- #1

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I'm having trouble understanding why a sequence converges if and only if lim sup=lim inf. I think about the sequence {1/n} this sequence converges to 0, but the lim sup is 1. How is the limsup 0? What am I missing?

HELP

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- Thread starter happyg1
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- #1

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I'm having trouble understanding why a sequence converges if and only if lim sup=lim inf. I think about the sequence {1/n} this sequence converges to 0, but the lim sup is 1. How is the limsup 0? What am I missing?

HELP

CC

- #2

TD

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As you say, {1/n} converges to 0 (i.e. the sequence goes to 0 as n goes to infinity), but what do you mean with "limsup"?

- #3

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There's a theorem in the book that says

"If {s} is a sequence of real numbers, and if limsup s = liminf s =L where L is in R, then {s} is convergent and lim s = L."

So I don't understand how in the case of {1/n} this holds. 1/n is a convergent sequence and it's limit is 0, but looking at the theorem there, it seems that limsup s must be zero also. But limsup {1/n} is 1. What am I missing?

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- #4

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So begin listing some terms of sn: 1, 1/2, 1/3, 1/4, 1/5, 1/6, ...

If N = 1, then n must be at least 2. So we ignore the first term, and look at the sequence 1/2, 1/3, 1/4, 1/5, 1/6, ..... The sup in this case is 1/2.

If N = 2, then n must be at least 3. So we ignore the first two terms, and look at the sequence 1/3, 1/4, 1/5, 1/6, 1/7, ... The sup in this case is 1/3.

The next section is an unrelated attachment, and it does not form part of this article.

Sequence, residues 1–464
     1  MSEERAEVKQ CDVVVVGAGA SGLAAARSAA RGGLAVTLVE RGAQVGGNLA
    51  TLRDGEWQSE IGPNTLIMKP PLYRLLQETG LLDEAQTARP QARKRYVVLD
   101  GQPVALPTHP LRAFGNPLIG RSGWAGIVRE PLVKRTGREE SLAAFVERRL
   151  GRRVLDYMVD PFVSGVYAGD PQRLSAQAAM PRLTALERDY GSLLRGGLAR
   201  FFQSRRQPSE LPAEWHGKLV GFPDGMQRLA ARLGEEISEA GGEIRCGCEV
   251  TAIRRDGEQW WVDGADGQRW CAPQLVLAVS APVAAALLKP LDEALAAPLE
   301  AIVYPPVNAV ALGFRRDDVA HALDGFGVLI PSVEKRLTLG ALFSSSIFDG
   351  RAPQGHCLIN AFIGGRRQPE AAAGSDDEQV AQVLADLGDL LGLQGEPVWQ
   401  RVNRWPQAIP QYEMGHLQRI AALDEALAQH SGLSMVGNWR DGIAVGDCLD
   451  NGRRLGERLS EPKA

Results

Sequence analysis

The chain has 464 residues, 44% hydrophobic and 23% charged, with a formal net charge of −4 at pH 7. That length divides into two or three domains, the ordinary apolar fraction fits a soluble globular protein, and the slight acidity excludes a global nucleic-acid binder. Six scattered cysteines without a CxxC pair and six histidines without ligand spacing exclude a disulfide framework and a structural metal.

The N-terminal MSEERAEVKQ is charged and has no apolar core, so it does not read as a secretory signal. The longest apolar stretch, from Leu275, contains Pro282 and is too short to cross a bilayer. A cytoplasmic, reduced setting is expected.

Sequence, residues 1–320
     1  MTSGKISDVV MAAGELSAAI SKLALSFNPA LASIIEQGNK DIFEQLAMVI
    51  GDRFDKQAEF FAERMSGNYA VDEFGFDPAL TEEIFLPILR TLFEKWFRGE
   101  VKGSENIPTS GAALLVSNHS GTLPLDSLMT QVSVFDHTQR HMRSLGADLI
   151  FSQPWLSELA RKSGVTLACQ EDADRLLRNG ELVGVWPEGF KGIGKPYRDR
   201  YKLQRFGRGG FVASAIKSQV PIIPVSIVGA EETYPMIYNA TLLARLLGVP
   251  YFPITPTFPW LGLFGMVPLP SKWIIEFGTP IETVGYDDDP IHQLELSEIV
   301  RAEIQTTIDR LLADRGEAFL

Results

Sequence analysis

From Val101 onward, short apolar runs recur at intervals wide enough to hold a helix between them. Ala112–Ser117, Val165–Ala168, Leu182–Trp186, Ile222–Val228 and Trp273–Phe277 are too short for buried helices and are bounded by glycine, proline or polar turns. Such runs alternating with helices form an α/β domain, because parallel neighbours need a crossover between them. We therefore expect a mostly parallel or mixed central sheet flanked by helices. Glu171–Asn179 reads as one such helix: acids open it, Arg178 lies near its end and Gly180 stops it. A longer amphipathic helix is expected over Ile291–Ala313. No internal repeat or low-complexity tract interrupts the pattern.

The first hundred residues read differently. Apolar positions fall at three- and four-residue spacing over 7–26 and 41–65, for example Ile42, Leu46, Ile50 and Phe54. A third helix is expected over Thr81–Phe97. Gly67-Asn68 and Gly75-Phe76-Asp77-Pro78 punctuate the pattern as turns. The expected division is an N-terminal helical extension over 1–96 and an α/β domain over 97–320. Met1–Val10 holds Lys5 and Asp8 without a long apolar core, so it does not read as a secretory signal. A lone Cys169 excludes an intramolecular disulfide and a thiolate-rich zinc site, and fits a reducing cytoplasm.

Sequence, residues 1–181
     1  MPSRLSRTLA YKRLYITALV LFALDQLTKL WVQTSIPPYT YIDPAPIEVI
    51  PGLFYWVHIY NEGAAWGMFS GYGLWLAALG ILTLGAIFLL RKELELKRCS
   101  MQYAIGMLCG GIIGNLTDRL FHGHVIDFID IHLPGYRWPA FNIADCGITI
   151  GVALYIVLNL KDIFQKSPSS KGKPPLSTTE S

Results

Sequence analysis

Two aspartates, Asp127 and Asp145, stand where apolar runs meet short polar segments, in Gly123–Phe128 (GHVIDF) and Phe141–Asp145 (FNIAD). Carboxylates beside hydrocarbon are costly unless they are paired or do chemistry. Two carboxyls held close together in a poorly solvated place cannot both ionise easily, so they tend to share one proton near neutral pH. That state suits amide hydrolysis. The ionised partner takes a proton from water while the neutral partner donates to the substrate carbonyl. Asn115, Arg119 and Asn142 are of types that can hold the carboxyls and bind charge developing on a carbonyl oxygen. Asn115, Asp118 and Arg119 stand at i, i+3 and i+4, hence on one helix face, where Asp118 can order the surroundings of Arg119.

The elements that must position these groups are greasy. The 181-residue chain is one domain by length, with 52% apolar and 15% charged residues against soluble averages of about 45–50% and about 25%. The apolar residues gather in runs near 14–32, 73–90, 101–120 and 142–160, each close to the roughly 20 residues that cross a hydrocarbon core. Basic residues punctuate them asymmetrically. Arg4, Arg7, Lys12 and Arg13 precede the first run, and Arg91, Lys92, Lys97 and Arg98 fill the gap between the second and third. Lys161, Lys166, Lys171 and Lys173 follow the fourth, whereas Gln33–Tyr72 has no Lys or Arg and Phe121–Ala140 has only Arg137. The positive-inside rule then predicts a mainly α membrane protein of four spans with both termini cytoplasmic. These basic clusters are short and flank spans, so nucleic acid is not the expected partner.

If N = 3, then n must be at least 4. So we ignore the first three terms, and look at the sequence 1/4, 1/5, 1/6, 1/7, 1/8. Now the sup is 1/4.

We must look at the lim sup. So we need the LIMIT of the supremum. Of course the limit of the supremum is going to be 0.

Similarly, the lim inf is 0:

If N = 1, then n must be at least 2, so we look at the sequence 1/2, 1/3, 1/4, 1/5, ...

and you can see that the lim inf is 0.

Thus lim inf sn = lim sup sn = 0.

I think that's the right way to look at it!

- #5

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OOOOOOOOOOOO

Now I see what they mean. The fog has lifted!

THANKYOU VERY VERY MUCH

Now I see what they mean. The fog has lifted!

THANKYOU VERY VERY MUCH

- #6

HallsofIvy

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More correctly, "lim sup" of a sequence is the supremum (upper bound) of alllim sup is the limit of the supremum for large N, right?

You are confusing "lim sup" of a sequence with "sup" of a set. The supremum of the set {1/n} is the largest member, 1, but since the sequence converges to 0, all subsequences also converge to 0. The set of all "subsequential limits" is {0} and both sup and inf of that set is 0.I think about the sequence {1/n} this sequence converges to 0, but the lim sup is 1.

- #7

NascentOxygen

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I hope it's appreciated; if not by them, then at least by others now that you have revitalised the thread.

- #8

HallsofIvy

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How in the world did I manage to get into "2005"? Time travel?

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